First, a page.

“A fearful few wage war on American’s wolves. The war comes because agribusiness exaggerates and lies about wolf predation.”

Are Wolves the Real Killers ?Huffington Post – Wendy Keefover-Ring

The United States Department of Agriculture (USDA) and the agribusiness industry can be counted among the fearful few, killing wolves with alarming readiness. USDA agents shoot wolves from planes and helicopters. Agents salt our national landscapes with sodium cyanide, M-44s, booby traps and neck snares. Rascals, sanctioned or just tolerated, set out illegal poison bait, often using banned substances such as Compound 1080, or shoot wolves where they have returned to the backcountry.

These acts of aggression against wolves are wrong, contrary to the will of the people, and based on lies.

 
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About The Author

Brian Ertz

13 Responses to Are Wolves the Real Killers?

  1. avatar william huard says:

    You have to give the USDA an A for creative imagination….The system is broken like so many other aspects of the Fed government

  2. Finally, a major news article showing in detail (hard figures) the incredible gap between the verified losses from wolves detected by professionally trained agents who can tell a wolf kill from cougar kill from cow dead of poison plants and later scavenged on, and livestock owners who couldn’t find their lost sheep or think any dead animal must have been killed by a wolf.

  3. More . . . official government deceitfulness like this not only harms wildlife management, it serves to destroy government credibility on matters far afield from this.

    Detailed studies of public opinion show that in the 1950s and through most of the 60s, Americans trusted their government(s). This trust helped make a strong, stable nation, but government lying about many things has created the unstable situation we have today with our public discourse filled with the wildest rumors . . . the “birthers,” the “truthers,” the “deathers,” and on and on.

  4. avatar Daniel Berg says:

    The numbers are so embarassingly far off from each other.

    Even if you extrapolated losses based on the assumption that in certain terrain, for every cow or sheep lost, there are a number that aren’t found, you still don’t even get close. I think 7:1 was about as high as it got, that being in formidable terrain.

    Statistics are used to manipulate opinion in so many different areas. Polls get tossed around on sites like the Huffington Post like Busch Light at a redneck family picnic. Once you drill down deeper, in many cases the statistics are put together by groups with agendas. It’s amazing how you can manipulate the numbers to prove a point through adjustments to the criteria for the statistical analysis.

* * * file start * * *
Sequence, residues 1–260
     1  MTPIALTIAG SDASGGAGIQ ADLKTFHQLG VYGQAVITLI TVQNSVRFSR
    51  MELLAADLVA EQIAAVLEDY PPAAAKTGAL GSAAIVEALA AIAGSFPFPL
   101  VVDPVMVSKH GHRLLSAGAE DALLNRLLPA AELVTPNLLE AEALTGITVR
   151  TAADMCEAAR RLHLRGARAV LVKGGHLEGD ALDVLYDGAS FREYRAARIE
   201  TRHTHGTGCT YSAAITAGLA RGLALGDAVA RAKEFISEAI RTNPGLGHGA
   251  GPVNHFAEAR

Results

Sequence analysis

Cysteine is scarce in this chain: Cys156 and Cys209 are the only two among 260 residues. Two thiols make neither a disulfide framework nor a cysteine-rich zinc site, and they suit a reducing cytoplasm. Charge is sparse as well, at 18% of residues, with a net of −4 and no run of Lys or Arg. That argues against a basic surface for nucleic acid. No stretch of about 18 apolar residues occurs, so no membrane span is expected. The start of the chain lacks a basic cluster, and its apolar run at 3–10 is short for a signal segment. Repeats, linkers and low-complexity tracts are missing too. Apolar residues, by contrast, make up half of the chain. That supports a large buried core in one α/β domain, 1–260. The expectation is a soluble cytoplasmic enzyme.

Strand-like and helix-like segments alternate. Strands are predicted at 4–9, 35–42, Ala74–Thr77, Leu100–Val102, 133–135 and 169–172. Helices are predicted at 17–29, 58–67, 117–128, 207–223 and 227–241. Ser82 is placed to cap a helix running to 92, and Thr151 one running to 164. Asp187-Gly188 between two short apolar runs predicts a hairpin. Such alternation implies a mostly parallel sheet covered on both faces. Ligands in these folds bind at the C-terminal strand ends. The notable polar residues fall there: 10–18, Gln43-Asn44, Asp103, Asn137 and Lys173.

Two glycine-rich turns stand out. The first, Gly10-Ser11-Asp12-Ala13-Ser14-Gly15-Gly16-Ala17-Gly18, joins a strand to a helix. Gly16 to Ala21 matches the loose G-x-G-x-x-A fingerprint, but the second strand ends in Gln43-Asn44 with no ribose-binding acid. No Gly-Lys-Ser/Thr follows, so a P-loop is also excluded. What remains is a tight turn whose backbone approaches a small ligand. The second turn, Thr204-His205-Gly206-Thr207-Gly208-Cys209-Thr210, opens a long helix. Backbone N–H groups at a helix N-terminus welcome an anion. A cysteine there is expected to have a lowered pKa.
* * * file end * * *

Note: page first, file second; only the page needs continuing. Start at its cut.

The USDA figures are the most suspect in this case. They have the strongest motive and Wildlife Services has a history of capitulation to ranchers.

    • avatar Daniel Berg says:

      My last paragraph was incorrect. Should have said the rancher survey can’t possibly be taken seriously and the Wildlife Service total is suspect.

  5. avatar ma'iingan says:

    “FWS uses professional, verified, ground-tested reports from agents.” As she proceeds to vilify Wildlife Services, the author is apparently unaware that Wildlife Service agents are the only agents authorized by USFWS to verify wolf depredations. The article aptly illustrates that emotion and hyperbole are rampant on both sides of the wolf issue.

    • avatar jon says:

      I take it you work for wildlife services because you seem to defend them every chance you get. Wildlife services is the agency that kills thousands upon thousands of wild animals each year for those who may not know about them. I think everyone on this site for the most part would be in favor of getting rid of widllife services altogether. The bad that they do outweighs any positive things they do by far.

      • avatar ma'iingan says:

        “I take it you work for wildlife services because you seem to defend them every chance you get.”

        I’m defending rational discourse on the wolf issue. The linked article is far from rational – nor is your opinion of WS.

    • avatar Brian Ertz says:

      The point that you make is largely irrelevant to the context of the article – and in no way impugns the merit of her argument.

      Wendy is clearly demonstrating that FWS relies upon statistics that are compiled by agents who have some baseline official protocol (and public accountability) for determining whether the cause of a given predation is wolf – whereas NASS relies upon a survey of livestock producers of which there is no assurance that any official competency/protocol was used in determining their numbers.